Background Rheumatoid arthritis (RA) is a chronic, recurrent autoimmune inflammatory disease, which may be complicated, like other chronic inflammatory diseases, by systemic secondary (reactive) AA amyloidosis (AAa). The precursors of AA amyloid protein fibrils are produced by the liver. During the progressive, cumulative process of systemic AAa the serum amyloid A proteins spread via the blood-stream and deposit throughout the body. AAa in its early stage involves only a few tissue structures (blood vessels, collagen, and reticulin fibres, basal membranes, etc.) in some organs, and increasingly more in its later stages. In advanced stages of AAa massive amyloid deposits in the kidney lead to renal insufficiency and the patients die of uremia. The extension and quantity of amyloid deposits depend on the production, and/or elimination (resolution, excretion) of amyloid proteins, or from the pathologist’s point of view on the stage of this progressive disease at death.
Objectives The aim of this study was to determine the influence of age, sex, onset of RA, and disease duration on amyloidosis.
Methods A randomised autopsy population of 161 in-patients (female 116, average age of 64.9 years; male 45, average age of 66.2 years at death) with rheumatoid arthritis (RA) was studied.
The existence of amyloidosis and extent of amyloid deposits at death was determined histologically.
The average amount of amyloid deposition in various structures was visually evaluated on a 0 to 4 plus scale.
The correlations were determined by Mann-Whitney (Wilcoxon), critical random check, Student (Welch) t-probe, and by c²-tests, comparing the age, sex, onset of RA, and duration of disease at the time of death: with or without amyloidosis, mild (? <2? per patient) and severe amyloidosis (?2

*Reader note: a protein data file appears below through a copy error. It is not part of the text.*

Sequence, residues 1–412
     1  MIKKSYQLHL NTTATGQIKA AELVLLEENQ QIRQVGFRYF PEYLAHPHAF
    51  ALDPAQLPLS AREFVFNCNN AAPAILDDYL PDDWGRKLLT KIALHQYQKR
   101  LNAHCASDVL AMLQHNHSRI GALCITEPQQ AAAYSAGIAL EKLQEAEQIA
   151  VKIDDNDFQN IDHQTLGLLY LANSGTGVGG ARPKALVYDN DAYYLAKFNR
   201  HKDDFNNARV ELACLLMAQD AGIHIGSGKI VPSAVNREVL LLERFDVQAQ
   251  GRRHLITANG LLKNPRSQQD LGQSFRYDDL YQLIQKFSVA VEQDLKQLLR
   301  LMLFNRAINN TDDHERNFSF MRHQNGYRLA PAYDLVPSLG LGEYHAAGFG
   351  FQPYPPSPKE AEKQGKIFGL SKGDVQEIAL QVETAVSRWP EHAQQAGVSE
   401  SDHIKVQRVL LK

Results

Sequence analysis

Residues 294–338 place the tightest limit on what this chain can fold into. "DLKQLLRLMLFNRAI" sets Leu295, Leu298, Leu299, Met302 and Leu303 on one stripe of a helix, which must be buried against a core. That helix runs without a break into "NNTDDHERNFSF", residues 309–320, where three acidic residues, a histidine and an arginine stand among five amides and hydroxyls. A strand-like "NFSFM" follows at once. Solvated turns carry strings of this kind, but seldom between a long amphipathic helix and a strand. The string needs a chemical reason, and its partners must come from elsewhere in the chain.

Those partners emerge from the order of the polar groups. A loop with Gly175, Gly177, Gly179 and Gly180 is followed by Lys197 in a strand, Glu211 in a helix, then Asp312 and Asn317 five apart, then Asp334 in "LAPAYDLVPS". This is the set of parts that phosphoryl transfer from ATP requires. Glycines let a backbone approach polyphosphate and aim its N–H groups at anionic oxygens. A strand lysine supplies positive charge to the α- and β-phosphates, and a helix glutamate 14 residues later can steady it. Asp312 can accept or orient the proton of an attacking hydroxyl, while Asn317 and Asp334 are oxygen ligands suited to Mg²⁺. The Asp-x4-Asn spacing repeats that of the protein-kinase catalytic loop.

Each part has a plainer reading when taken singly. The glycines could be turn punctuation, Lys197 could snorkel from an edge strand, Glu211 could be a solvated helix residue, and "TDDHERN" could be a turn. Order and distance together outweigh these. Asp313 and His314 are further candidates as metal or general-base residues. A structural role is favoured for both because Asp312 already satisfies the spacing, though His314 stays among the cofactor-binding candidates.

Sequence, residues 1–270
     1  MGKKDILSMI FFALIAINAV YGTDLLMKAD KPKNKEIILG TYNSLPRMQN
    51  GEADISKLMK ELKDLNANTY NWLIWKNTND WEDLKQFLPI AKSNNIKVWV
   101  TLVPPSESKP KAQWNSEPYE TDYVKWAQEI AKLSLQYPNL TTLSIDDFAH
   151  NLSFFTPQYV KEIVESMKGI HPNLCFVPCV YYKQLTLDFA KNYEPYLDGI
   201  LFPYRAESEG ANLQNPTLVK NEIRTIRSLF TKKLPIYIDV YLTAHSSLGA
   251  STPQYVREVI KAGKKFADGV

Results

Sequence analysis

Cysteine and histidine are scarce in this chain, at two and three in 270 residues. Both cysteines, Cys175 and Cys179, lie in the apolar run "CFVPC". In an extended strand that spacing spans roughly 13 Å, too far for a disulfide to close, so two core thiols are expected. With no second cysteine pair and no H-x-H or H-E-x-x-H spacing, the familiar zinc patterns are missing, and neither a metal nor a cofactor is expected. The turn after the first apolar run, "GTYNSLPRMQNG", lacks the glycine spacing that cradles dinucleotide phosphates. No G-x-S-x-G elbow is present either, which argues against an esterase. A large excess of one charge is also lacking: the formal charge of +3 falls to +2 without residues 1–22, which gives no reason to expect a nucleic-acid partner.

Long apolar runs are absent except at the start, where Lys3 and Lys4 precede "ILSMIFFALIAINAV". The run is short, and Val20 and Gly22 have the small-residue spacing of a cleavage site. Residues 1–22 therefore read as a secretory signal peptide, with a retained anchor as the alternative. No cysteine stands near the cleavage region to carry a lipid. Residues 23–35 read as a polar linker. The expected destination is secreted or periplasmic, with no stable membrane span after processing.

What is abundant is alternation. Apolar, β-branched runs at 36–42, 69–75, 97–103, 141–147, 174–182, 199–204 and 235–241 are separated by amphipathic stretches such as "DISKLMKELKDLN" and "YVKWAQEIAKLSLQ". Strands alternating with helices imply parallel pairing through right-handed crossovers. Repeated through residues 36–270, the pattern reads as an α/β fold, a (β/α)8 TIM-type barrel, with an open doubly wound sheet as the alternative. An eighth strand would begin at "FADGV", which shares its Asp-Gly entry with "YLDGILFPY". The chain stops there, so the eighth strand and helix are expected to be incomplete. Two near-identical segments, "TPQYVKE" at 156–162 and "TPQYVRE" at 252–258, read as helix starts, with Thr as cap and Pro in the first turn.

Results Systemic secondary (AA) amyloidosis was observed in 34 (21.1%) of 161 cases: in 21 cases amyloidosis was, and 13 it was severe. There was no significant difference of survival time (age at death), onset of RA, and disease duration between males and females, or between patients with and without amyloidosis. RA started earlier, the disease duration was longer, and the age of the patients at death was significantly lower (p < 0.005) in cases with severe amyloidosis, in comparison to those with mild amyloidosis.
Conclusion Amyloidosis may develop in both sexes, and may start at any time during RA. AAa existed in different stages (mild: characterised by sporadic and minimal amyloid deposits, or severe: characterised by diffuse and massive amyloid deposits) at the time of death. There were no significant differences in disease duration and survival time between males and females, or between patients with and without amyloidosis, suggesting that amyloid deposition may occur at different rates. AAa may develop as a rapidly progressive, or as a chronic, slowly progressive disease. Possibly, the process may become inactive (quiescent), or even regress at some point in time.
The risk of severe amyloidosis (2 <) is higher in patients with early onset and with long duration of RA, and in these patients the age at death is significantly lower (p < 0.005).